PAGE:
- 2015 Federal Election
New resources aim to help seniors prevent falls
The provincial government has unveiled a suite of multimedia training resources to help physicians and other health professionals educate seniors in ways to prevent falls and stay healthy.
Falls result in serious consequences to older people and cost the B.C. health care system approximately $155 million annually. In 2010, more than 12,000 seniors were hospitalized for a fall-related injury in B.C. and there were 940 deaths due to falls in 2009.
One out of three seniors aged 65 and over typically fall once or more each year.
Those who fall are two to three times more likely to fall again. And 95 per cent of all hip fractures among seniors are due to a fall, while seniors with fall-related injuries tend to stay in hospital twice as long as seniors hospitalized for all other reasons.
A history of prior falls, decreased muscle strength and poor balance are most strongly associated with an increased risk of falling among seniors.
Evidence shows that many of these falls and injuries can be predicted and prevented.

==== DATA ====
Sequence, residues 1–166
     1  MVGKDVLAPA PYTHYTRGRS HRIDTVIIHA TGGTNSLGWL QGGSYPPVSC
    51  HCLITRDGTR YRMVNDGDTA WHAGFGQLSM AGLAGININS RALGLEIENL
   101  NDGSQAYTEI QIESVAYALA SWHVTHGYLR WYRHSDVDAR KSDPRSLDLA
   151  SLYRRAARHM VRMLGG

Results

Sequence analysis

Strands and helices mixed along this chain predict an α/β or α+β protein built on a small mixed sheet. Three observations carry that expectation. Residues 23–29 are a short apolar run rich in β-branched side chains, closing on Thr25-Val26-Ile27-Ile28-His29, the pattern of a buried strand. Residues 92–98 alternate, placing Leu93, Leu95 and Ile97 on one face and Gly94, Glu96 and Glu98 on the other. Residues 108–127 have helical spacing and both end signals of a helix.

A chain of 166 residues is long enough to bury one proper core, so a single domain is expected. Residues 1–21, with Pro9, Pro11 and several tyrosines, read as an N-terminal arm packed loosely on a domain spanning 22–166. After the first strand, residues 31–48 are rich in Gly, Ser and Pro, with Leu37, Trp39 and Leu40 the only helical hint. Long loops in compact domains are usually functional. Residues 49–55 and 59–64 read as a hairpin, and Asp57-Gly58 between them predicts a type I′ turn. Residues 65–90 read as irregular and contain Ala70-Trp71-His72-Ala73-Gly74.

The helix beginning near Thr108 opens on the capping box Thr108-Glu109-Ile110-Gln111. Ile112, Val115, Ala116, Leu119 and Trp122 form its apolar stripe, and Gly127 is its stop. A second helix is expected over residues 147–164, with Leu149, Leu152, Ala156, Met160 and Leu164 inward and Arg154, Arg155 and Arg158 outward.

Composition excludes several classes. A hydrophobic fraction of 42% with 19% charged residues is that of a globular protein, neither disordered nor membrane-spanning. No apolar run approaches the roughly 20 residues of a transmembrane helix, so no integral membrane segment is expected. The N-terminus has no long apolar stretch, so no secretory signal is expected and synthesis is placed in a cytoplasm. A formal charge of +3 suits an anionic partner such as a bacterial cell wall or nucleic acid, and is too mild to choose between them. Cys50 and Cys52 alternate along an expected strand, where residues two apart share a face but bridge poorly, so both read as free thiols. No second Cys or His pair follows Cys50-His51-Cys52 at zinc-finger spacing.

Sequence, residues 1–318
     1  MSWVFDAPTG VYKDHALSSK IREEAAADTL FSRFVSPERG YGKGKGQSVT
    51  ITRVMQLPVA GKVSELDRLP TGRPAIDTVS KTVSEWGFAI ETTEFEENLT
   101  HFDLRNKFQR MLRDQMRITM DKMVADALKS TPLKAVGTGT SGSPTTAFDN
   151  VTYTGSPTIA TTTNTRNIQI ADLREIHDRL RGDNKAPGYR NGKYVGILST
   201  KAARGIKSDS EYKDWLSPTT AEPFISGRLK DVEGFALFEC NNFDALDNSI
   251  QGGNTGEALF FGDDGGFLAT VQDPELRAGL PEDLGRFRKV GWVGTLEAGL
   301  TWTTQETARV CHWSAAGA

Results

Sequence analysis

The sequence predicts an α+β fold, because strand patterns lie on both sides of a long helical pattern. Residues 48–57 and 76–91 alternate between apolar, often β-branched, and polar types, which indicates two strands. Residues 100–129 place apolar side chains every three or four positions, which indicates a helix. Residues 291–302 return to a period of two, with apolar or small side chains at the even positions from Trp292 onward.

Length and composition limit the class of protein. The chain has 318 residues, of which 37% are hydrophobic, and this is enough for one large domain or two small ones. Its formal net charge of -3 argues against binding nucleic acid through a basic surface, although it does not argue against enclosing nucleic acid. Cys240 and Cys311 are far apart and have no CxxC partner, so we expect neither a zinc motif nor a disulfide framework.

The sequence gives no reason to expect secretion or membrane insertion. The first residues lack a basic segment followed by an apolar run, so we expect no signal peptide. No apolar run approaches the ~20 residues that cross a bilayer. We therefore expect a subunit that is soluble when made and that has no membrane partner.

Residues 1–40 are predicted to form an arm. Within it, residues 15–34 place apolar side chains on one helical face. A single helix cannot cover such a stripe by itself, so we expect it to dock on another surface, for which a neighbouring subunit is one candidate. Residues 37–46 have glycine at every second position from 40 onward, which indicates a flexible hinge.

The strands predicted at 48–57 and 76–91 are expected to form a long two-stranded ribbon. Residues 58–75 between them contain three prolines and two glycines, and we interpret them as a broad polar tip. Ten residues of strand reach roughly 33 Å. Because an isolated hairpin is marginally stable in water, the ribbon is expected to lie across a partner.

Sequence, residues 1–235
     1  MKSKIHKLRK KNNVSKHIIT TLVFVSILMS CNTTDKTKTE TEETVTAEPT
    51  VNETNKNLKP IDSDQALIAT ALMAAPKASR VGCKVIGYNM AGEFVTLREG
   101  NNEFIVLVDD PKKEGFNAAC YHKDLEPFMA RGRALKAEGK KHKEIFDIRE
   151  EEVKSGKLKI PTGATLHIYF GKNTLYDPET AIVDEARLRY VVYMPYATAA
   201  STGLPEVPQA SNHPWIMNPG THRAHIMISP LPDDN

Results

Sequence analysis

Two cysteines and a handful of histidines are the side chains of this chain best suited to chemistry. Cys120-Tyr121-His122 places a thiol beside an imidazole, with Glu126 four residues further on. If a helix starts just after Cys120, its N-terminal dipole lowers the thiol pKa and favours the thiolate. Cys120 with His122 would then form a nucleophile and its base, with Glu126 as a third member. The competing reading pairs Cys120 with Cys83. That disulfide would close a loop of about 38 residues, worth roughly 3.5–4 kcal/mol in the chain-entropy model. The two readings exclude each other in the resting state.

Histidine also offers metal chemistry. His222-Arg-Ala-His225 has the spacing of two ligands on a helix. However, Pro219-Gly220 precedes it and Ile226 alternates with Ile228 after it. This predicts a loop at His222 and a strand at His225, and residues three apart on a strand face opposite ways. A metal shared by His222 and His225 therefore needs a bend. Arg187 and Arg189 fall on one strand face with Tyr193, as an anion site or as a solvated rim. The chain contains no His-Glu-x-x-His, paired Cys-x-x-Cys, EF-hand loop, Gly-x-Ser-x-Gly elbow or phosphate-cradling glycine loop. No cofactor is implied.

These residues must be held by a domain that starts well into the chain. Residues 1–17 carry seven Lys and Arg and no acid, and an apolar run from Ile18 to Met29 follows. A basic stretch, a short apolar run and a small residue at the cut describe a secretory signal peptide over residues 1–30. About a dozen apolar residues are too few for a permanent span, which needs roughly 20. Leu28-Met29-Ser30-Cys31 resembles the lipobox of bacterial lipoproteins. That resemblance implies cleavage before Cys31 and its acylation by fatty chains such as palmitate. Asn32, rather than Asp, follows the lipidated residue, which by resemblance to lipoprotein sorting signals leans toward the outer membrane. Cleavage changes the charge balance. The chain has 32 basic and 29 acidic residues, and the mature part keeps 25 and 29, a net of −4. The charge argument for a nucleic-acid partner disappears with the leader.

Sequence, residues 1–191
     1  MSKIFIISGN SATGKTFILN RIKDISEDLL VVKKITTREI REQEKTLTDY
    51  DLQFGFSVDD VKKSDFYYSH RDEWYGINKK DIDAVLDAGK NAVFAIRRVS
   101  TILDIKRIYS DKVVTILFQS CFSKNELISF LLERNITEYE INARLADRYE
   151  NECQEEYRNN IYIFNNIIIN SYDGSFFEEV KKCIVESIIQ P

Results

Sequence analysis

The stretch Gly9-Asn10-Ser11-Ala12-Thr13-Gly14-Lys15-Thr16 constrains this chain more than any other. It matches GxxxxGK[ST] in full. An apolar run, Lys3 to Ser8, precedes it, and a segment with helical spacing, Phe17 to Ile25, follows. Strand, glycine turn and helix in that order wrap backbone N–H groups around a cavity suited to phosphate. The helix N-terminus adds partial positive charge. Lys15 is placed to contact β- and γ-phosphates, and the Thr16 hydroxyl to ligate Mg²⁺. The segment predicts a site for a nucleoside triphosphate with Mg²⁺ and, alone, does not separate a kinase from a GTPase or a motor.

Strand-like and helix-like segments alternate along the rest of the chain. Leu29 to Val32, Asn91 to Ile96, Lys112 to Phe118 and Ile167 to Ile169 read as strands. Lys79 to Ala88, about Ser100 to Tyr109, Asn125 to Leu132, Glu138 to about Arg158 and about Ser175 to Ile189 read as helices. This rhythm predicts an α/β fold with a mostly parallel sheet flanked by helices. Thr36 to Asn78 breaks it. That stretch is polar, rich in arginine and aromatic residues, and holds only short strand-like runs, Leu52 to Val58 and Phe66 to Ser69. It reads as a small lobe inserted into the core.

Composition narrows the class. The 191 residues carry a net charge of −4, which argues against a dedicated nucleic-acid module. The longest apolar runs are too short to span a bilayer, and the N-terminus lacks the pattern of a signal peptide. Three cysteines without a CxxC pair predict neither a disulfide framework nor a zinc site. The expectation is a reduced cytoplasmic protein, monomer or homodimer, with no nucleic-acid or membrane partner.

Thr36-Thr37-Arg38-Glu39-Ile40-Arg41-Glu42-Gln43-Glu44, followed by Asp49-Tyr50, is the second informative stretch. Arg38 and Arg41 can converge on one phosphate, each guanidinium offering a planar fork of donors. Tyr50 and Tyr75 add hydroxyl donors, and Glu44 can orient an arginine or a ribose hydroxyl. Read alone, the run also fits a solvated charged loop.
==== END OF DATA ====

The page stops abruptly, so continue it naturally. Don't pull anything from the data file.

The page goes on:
“As a doctor, I see first-hand the damaging and sometimes fatal effects that falls can have on seniors,” said Margaret MacDiarmid, the province’s parliamentary secretary for seniors.
“This fall prevention campaign will provide important information on how to prevent a fall and let seniors remain independent.”
The fall prevention multimedia package includes a video as well as written resources aimed at engaging both seniors and doctors.
The video highlights some of the ways to reduce fall risks, common health conditions related to falls and practical assessment tools.
The resources offer safe and easy-to-follow exercises, recommendations for good sleep habits and ways to make a senior’s home safer to reduce falls.
The home activity handout includes seven seated and standing exercises seniors can do to help stay healthy and prevent a fall.
When done routinely and progressively, these simple exercises are effective to increase strength and improve balance.
For more information about falls prevention, visit www.SeniorsBC.ca/stayingindependent.